Complex Ventral Hernia Repair Using Biologic or Synthetic Mesh
a study on Hernia
Hernias are often treated using a prosthetic mesh to add support to the healing wound. Prosthetic meshes have been used for decades to repair ventral hernias, level 1 data regarding which type of mesh to use is limited. The purpose of this study is to compare the effects, good and/or bad, of two types of prosthetic meshes: one that is made from pig skin (called a "biologic prosthetic"), and one that is made in a laboratory (called a "synthetic prosthetic"). This study will include some patients who have an infection in/near the hernia, and other patients who do not have an infection. We expect the synthetic mesh to be associated with a higher rate of early post-operative surgical site infection and fluid collections (seromas), while we expect the biologic mesh to be associated with a higher rate of recurrence.
Study Comparing the Efficacy, Safety, and Cost of a Permanent, Synthetic Prosthetic Versus a Biologic Prosthetic in the One-stage Repair of Ventral Hernias in Clean and Contaminated Wounds.
This is a prospective, single-blind, randomized study comparing the clinical efficacy and overall costs of two prosthetic meshes in the repair of complex ventral hernias. The two prosthetic meshes to be studied are Ventralight (Bard, Murray Hill, NJ), a synthetic mesh chiefly made of polypropylene and Strattice (LifeCell, Branchburg, NJ), a biologic mesh derived from porcine dermis. The study population will consist of patients who are in need of a repair of a complex ventral hernia. Patients will be enrolled in the study for 24 months following their operation or until they experience a recurrence of their hernia, whichever occurs first. The primary outcome variable is recurrence and the secondary outcome variables are post-operative surgical site infections and overall costs.
There is no universally agreed upon definition of what constitutes a "complex" ventral hernia. For our purposes, a "complex" ventral hernia is one that involves a compromised surgical field, in which gastrointestinal, biliary, or genitourinary procedures are performed, one in which the wound class is considered clean-contaminated, contaminated, or dirty due to other causes, such as infected meshes and enterocutaneous fistulas, or surgical procedures conducted in patients with large ventral hernia defects (>10 cm in any single dimension).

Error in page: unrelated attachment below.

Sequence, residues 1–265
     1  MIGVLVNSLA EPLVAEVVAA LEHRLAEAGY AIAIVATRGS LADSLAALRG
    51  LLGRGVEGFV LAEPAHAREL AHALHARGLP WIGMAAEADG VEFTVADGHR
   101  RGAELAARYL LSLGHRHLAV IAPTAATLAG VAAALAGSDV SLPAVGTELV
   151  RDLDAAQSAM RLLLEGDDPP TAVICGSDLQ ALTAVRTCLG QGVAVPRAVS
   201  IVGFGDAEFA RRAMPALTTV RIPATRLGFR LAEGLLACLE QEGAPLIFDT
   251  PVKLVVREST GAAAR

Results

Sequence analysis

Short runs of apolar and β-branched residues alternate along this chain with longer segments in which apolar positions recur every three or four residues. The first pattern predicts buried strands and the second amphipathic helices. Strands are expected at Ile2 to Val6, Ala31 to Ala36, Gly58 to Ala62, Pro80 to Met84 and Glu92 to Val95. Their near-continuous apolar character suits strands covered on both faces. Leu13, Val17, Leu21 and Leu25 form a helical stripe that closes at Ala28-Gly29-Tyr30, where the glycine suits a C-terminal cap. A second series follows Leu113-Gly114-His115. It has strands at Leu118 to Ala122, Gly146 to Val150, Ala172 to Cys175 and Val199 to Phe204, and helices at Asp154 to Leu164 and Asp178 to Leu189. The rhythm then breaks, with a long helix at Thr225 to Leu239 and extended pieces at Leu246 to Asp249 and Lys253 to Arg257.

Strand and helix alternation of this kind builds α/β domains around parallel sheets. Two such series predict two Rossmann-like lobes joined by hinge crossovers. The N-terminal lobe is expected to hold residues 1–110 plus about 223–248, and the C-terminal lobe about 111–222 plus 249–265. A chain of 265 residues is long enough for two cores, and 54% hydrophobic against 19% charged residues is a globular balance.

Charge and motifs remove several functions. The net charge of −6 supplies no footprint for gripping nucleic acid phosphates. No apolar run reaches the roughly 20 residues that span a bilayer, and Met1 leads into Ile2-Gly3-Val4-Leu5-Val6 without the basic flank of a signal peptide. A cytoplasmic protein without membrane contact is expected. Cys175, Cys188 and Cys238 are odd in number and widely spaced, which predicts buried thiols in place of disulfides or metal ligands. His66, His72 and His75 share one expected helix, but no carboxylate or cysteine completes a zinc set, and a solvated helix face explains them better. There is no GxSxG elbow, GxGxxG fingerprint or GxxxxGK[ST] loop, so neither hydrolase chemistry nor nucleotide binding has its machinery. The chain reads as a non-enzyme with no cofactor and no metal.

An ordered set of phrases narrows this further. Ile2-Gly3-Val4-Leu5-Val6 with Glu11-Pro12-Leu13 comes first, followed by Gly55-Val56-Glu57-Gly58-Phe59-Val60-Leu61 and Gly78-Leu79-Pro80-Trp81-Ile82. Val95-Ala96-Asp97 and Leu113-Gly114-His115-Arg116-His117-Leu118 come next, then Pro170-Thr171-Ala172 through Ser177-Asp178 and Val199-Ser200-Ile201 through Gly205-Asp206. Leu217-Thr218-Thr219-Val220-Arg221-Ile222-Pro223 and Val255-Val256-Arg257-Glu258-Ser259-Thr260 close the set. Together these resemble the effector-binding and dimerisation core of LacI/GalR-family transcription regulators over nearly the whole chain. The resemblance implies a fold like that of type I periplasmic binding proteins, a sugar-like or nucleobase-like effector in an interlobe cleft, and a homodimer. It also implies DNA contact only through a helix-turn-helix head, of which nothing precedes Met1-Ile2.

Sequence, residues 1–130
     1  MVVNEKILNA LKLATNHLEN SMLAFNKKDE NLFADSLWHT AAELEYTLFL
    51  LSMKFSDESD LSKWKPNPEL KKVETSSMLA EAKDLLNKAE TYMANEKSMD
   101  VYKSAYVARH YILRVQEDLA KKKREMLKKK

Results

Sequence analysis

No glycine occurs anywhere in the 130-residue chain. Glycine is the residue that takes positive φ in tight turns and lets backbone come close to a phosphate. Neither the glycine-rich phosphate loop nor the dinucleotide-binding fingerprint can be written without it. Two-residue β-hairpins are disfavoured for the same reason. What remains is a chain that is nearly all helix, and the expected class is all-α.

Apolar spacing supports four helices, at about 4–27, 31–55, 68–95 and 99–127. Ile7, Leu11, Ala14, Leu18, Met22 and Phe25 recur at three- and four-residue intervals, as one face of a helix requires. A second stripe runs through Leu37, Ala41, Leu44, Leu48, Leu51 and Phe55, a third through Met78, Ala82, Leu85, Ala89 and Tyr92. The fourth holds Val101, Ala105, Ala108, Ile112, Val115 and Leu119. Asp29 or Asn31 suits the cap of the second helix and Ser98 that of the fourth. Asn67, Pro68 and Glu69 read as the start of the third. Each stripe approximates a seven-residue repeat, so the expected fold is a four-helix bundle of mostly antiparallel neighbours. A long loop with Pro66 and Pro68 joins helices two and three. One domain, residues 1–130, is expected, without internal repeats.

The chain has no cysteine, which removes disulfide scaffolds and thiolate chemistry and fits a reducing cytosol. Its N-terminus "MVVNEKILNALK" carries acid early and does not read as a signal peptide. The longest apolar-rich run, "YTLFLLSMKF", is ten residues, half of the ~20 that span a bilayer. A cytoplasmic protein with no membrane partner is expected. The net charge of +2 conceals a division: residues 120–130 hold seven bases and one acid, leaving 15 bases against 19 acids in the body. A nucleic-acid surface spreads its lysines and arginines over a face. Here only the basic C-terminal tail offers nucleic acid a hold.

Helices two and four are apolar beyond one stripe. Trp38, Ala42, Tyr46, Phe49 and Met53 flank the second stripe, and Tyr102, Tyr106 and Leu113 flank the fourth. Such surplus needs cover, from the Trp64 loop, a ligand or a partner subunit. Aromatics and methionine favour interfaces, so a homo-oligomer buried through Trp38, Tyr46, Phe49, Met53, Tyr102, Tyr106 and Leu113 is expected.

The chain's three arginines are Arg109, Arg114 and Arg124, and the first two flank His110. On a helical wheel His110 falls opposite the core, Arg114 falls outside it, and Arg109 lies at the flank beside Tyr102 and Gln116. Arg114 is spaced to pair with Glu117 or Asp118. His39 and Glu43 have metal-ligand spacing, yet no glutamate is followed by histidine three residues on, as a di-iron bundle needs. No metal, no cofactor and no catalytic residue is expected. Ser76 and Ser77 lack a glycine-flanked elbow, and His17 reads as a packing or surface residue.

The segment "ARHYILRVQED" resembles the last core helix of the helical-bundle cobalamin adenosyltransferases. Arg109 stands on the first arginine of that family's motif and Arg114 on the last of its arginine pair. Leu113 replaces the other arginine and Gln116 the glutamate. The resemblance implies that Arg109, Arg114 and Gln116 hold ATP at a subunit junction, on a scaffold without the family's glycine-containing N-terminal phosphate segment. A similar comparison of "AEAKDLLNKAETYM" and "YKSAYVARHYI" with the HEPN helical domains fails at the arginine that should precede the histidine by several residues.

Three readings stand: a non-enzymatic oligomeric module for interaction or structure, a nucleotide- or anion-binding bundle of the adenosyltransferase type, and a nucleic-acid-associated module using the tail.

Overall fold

Hernia, Ventral Hernia Ventral Incisional Abdominal Herniorrhaphy Recurrence Infection Mesh Biologic Synthetic
You can join if…
Open to people ages 21 years and up
- Clinical evidence of a midline, ventral hernia, regardless of degree of wound contamination, with the exception of class IV wounds due to the presence/discovery of fecal peritonitis. Specifically, the repair will or will not involve a compromised surgical field in which gastrointestinal, biliary and/or genitourinary procedures will be performed. The surgical wound class may be classified as clean, or it may be classified as clean-contaminated, contaminated, or dirty-infected, due to the repair of an enterocutaneous fistula, takedown of an intestinal stoma and/or removal of infected mesh
- Negative pregnancy test
- No allergic, religious or ethical objections to either polypropylene or porcine prosthetics
- Signed, witnessed informed consent to take part in the study
You CAN'T join if...
- Lactating women
- Patients who are unable to commit to the follow evaluations over 24 months
- Severe malnutrition (serum albumin <2.0 in the setting of a normal CRP)
- Use of an investigational agent within 1 month prior to study enrollment and/or planned during this study
- Presence of pre-existing parenchymal liver disease characterized by the presence of
Child's Class C liver dysfunction (including all of the following: bilirubin ≥ 3.0 mg/dL; albumin ≤ 3.0 mg/dL; refractory ascites; encephalopathy or coma; and poor nutritional status)
- Immunocompromised patients, as evidenced by: administration of high doses of corticosteroids (i.e. doses ≥ 1.5 mg/kg/day of prednisone or equivalent) within 72 hours before study enrollment; status post solid organ transplant or bone marrow transplant and experiencing acute organ rejection or bone marrow failure or rejection;evidence of neutropenia (absolute neutrophil count ≤ 500 cells/mm3 (≤ 500 x 106 cells/L); chemotherapy or radiation therapy within 90 days before study enrollment;known AIDS; any disease sufficiently advanced to suppress resistance to infection(including, but not limited to leukemia, lymphoma or hypogammaglobulinemia);administration of immunoglobulin of G-CSF within 90 days before study enrollment
- Ascites refractory to medical management
- Presence of an underlying disease/injury with life expectancy less than two years and/or severe underlying disease that would preclude study entry (e.g. known malignancy)
- Wound Classification IV due to the presence/discovery of fecal peritonitis. Other cases of wound class IV including presence of purulent inflammation, soft tissue/mesh infection, or visceral perforation resulting in a contained fistula (e.g.enterocutaneous fistula) are still considered eligible for enrollment.
- University of California, San Francisco accepting new patients
San Francisco, California, 94131, United States
Please contact me about this study
We will not share your information with anyone other than the team in charge of this study. Submitting your contact information does not obligate you to participate in research.
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If you do not hear from the study team, please call 888-689-8273 and tell them you’re interested in study number NCT02041494.